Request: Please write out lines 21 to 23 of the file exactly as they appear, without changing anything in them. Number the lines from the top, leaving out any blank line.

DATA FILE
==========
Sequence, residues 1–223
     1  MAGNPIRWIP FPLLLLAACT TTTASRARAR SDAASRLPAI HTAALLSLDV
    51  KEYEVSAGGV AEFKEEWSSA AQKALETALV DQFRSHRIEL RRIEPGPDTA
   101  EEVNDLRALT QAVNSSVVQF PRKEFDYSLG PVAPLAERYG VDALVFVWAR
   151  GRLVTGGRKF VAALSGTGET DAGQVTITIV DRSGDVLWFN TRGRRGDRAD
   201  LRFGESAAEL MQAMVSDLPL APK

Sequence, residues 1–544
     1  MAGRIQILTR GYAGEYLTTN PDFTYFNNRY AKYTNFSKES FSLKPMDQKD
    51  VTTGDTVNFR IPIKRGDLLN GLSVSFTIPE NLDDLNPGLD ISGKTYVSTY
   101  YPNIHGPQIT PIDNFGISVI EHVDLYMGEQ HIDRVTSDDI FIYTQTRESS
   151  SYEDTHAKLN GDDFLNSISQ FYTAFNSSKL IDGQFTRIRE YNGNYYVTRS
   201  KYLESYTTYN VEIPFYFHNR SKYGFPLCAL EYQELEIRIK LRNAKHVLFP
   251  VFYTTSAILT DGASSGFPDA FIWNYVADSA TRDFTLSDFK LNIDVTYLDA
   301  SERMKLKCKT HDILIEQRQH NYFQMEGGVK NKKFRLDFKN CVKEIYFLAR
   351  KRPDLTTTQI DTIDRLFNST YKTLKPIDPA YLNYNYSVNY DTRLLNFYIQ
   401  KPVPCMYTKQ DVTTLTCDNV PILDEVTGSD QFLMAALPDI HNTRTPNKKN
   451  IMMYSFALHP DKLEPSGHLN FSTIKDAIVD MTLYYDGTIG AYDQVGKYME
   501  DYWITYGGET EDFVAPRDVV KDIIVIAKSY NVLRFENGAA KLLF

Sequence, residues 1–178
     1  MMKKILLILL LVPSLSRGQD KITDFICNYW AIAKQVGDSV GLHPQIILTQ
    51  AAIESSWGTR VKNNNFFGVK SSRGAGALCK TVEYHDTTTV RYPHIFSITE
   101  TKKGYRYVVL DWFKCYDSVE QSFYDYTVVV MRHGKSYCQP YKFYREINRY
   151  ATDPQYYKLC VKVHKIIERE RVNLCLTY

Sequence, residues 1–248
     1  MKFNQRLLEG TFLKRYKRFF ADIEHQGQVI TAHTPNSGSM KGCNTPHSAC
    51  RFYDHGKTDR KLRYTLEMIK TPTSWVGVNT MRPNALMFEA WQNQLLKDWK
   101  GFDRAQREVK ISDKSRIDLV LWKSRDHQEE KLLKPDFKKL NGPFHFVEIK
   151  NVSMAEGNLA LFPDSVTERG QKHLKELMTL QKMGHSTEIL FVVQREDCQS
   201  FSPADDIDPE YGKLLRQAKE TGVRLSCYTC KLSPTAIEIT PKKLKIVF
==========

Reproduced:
    51  AAIESSWGTR VKNNNFFGVK SSRGAGALCK TVEYHDTTTV RYPHIFSITE
   101  TKKGYRYVVL DWFKCYDSVE QSFYDYTVVV MRHGKSYCQP YKFYREINRY
   151  ATDPQYYKLC VKVHKIIERE RVNLCLTY